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Did Censor Board okay 172 adult films for public viewing?

July 07, 2015 14:35 IST

A CAG report severely criticises the movie certification body for fabrication of documents and showing bias while issuing film certificates. Anand Mishra reports

A Comptroller and Auditor General report has slammed the Censor Board for flouting several norms and converting 172 ‘A’ category certified films into ‘UA’ category films and 166 films of ‘UA’ category into ‘U’ category films during 2012-15 without taking any law or provision into account, according to an RTI query.

The CAG under the head ‘Inspection Report on Account Maintained by the office of CBFC, Mumbai’ for the period from 1st October 2013 to 31st March 2015, has slammed the Board for its lackadaisical approach in several areas including incomplete data entry work of historical records despite incurring a huge sum for the purpose of digitisation of CBFC work.

In its 70-page reply furnished in response to an RTI query by activist Vihar Durve, the CAG said that during test check of CBFC records it observed that CBFC has converted 172 ‘A’ category certified films into ‘UA’ category films and 166 films of ‘UA’ category was converted into ‘U’ category films during 2012-15 without taking any law or provision into account which led to irregular conversion of films.

CAG also noted that approximately 4.1 lakh entries for censor certificates and 60 lakh pages of feature film files were yet to be digitised despite incurring huge sum for the purpose.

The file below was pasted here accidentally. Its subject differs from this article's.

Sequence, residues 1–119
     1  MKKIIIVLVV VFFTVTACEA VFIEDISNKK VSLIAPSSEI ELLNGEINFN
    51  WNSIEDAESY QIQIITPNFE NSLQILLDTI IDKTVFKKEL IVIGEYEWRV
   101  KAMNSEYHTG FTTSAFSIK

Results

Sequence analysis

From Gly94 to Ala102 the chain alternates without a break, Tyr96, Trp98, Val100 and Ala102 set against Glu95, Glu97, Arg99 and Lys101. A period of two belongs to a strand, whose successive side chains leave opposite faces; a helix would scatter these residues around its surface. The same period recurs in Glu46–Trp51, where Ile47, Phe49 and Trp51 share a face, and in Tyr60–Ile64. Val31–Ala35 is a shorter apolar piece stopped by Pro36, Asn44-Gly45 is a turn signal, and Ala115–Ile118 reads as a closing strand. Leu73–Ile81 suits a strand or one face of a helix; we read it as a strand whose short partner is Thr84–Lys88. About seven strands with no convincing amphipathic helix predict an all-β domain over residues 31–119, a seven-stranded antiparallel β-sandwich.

“There has been no revision of certification fees and cess after the lapse of more than six years and 12 years respectively. It has mentioned in its report that the CBFC got Rs 14 crore (approx) as certification fees from 2011 to 2013 while it received Rs 5.5 crore as cess in the same period, says the report.

CAG has also found that as per official records two movies naming ‘Gabriel’ and ‘Three Can Play That Game’ were examined by J S Mahamuni and S G Mane on February 2009 and February 2009 respectively.

However, when CBFC issued the certificates it showed that movies were examined by V K Chawak, secretary to the chairperson, on March 30, 2009 despite that these were not re-applied for re-examination.

Terming this as a scam and naming it as ‘Censor Gate’, Durve strongly criticised the Board. 

Censor Board CEO Shravan Kumar could not be contacted as he was in Bengaluru. Chairman Pahlaj Nihlani, however said, “I am not in receipt of the inspection report. These happenings took place quite long back, when I was not in-charge, but I will definitely make sure that such irregularities do not take place in the future anymore.”

Another official from the Board, requesting anonymity said, “It is merely an inspection report, everything would be clarified when we file our reply to CAG.”

However, Teena Sharma, another activist in censorship issues who has filed a PIL in Delhi court said, “Such reports will continue till the time the information and broadcasting ministry doesn’t pay heed to our voice.”

In recent years too, the Board has been hit with controversies when its topmost officers were found involving in wrong practises.

Former CEO Rakesh Kumar was arrested by CBI for allegedly demanding Rs 70,000 as bribe for clearing a film. His predecessor Pankaja Thakur was also involved in a series of controversies including that she rated a film directed by her close relative despite knowing that it was a case of “conflict of interest”. 

Image: The CAG report also reveals that 166 films of ‘UA’ category were converted into ‘U’ category films during 2012-15 without taking any law or provision into account. Photograph: Bruno Vincent/Getty Images

Anand Mishra
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